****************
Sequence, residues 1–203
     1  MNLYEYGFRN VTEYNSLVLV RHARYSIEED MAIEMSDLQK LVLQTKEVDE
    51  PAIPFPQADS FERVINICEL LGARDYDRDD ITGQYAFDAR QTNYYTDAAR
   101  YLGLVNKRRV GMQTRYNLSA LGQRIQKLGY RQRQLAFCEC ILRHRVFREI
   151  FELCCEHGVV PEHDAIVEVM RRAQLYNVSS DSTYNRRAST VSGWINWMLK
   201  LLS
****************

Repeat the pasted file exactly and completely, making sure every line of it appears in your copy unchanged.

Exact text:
Sequence, residues 1–203
     1  MNLYEYGFRN VTEYNSLVLV RHARYSIEED MAIEMSDLQK LVLQTKEVDE
    51  PAIPFPQADS FERVINICEL LGARDYDRDD ITGQYAFDAR QTNYYTDAAR
   101  YLGLVNKRRV GMQTRYNLSA LGQRIQKLGY RQRQLAFCEC ILRHRVFREI
   151  FELCCEHGVV PEHDAIVEVM RRAQLYNVSS DSTYNRRAST VSGWINWMLK
   201  LLS